In case you’ve forgotten, Google has its own operating system called Chrome OS, and it has been working closely with Samsung on the hardware. Today, Google announced the next phase of its OS and the focus is simple: speed.
In a world where we have two major options, Mac or PC, Google is looking to leverage the cloud to make the next generation desktop experience a more lightweight one. It’s not just a mobile thing anymore, Chrome OS has gone to the desktop.
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Here’s what the company had to say about it today:
Speed is integral to the Chrome experience. The new Chromebook and Chromebox, based on Intel Core processors, are nearly three times as fast as the first-generation Chromebooks. And support for hardware-accelerated graphics, a built-from-scratch multi-touch trackpad and an open-source firmware stack provide a much faster and more responsive computing experience. The new Chromebook boots in less than seven seconds and resumes instantly. With the Chromebox, you can be on a video conference while continuing to play your favorite role-playing game on the side.
Google employees are weighing in on the news as well, with Louis Gray mentioning the faster loading speeds:
The new Chromebooks are incredibly sleek, light and fast to boot. That may be hard to substantiate, especially if you assume my pro-Google filter is in effect, so I tested on the WebGL fishtank demo, getting 60 fps at 1,000 fish, lowering to the high 40s if I made that its separate window and kept working on something else, be it Gmail, playing a YouTube video, accessing my docs on Google Drive, or browsing the web.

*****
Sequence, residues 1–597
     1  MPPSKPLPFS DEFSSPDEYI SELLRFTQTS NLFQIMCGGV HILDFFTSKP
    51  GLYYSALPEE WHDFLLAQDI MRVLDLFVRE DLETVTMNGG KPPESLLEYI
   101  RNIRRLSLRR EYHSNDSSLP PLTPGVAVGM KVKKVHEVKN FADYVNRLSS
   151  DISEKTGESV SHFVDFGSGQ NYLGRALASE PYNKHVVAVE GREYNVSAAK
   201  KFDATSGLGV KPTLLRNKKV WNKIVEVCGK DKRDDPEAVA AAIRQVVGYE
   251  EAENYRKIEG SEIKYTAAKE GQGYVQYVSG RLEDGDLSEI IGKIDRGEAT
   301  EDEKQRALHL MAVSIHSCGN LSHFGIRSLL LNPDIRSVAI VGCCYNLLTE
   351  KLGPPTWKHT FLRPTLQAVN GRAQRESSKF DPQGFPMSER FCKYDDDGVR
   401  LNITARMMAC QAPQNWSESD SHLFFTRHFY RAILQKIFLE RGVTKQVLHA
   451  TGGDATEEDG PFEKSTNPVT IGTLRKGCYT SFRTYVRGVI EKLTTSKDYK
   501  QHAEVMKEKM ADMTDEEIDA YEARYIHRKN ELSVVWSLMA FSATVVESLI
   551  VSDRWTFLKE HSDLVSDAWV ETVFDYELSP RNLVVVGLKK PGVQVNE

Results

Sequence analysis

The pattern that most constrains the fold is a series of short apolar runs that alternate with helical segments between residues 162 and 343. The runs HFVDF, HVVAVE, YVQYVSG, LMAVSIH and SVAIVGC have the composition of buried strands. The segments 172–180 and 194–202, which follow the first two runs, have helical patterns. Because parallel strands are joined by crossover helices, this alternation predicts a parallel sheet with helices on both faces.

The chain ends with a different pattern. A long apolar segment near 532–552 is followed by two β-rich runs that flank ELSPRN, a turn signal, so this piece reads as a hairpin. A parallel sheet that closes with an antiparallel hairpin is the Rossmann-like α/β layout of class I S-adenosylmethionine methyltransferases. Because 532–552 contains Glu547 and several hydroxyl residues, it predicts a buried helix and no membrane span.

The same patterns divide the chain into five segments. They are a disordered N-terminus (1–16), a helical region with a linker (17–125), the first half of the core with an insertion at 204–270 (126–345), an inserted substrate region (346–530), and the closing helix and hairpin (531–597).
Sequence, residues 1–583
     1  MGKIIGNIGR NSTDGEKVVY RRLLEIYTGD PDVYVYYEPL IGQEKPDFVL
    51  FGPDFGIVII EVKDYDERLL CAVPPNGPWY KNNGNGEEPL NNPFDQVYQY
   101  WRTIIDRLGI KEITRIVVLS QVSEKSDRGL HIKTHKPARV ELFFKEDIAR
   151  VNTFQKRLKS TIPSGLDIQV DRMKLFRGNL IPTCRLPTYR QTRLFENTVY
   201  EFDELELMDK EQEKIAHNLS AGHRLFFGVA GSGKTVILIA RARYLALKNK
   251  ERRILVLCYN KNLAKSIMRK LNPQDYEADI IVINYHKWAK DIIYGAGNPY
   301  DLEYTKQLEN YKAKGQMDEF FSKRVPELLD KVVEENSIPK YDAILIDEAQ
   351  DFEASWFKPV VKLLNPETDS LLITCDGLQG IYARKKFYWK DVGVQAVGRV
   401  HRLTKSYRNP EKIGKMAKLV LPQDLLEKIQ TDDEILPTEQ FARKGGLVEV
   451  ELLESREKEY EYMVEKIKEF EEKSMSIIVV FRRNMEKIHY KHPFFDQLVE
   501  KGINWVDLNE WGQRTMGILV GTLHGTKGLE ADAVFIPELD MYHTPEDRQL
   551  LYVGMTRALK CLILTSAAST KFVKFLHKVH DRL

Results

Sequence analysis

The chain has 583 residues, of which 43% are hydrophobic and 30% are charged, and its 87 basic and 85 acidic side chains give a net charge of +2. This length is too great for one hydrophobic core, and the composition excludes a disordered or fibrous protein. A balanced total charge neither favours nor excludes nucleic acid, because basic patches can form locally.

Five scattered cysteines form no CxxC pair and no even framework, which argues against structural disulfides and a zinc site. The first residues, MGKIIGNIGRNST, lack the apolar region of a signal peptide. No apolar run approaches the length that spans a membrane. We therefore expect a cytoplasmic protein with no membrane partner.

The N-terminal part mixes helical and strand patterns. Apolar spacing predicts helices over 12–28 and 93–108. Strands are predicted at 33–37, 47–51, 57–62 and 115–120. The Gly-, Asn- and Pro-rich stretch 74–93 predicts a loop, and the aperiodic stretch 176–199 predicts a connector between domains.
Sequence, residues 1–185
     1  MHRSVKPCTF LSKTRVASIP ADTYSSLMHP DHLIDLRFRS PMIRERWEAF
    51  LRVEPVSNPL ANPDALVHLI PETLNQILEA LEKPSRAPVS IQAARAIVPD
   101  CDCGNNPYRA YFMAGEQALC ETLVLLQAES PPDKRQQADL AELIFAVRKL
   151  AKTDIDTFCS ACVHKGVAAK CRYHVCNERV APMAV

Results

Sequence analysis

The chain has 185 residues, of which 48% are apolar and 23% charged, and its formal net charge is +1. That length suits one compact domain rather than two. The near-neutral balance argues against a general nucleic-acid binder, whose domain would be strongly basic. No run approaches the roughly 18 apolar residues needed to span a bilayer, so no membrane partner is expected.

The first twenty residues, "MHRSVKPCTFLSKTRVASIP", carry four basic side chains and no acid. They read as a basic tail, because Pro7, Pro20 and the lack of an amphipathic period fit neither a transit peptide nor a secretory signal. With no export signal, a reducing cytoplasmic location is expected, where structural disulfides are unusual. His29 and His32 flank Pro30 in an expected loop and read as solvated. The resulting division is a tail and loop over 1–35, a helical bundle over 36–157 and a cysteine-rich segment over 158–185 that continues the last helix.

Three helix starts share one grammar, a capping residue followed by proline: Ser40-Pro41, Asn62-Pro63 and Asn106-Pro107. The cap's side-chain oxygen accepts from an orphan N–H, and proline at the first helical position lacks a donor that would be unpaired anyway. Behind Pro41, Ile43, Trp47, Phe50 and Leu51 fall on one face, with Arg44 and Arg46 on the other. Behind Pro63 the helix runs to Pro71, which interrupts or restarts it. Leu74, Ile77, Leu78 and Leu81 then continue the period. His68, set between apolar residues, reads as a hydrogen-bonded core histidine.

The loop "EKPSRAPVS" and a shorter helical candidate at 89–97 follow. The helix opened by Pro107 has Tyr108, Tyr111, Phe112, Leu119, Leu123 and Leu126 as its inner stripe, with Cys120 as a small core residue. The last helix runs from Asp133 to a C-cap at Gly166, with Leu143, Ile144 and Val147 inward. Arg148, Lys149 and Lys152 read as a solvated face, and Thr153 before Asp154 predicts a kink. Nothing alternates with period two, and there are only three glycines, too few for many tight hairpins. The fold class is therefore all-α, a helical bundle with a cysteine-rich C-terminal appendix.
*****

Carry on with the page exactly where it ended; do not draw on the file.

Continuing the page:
With the OS itself, Google wants you to be able to access all of your apps quickly, letting you pin the things you use the most onto the desktop:
Intel® Core™ processor
4 GB RAM
Built-in dual-band WiFi 802.11 a/b/g/n
6 USB 2.0 ports
2x DisplayPort++ Output (compatible with HDMI, DVI, VGA)
DVI single link output
Bluetooth 3.0™ compatible
Kensington™ key lock compatible
Now that the Chrome browser has surpassed Internet Explorer for the coveted #1 position, we know that consumers are familiar with Google being something other than “just a search engine.” It makes sense that Google would get serious about its own desktop operating system now that it’s on a company-wide streamlining mission.
If you’re already using Google products like search and docs, as well as carrying around an Android phone, a desktop computer isn’t that tough of a sell to consumers. The “(always) new computer” marketing message from Google isn’t one to be taken lightly, as upgrading your operating system is a fear of many computer users.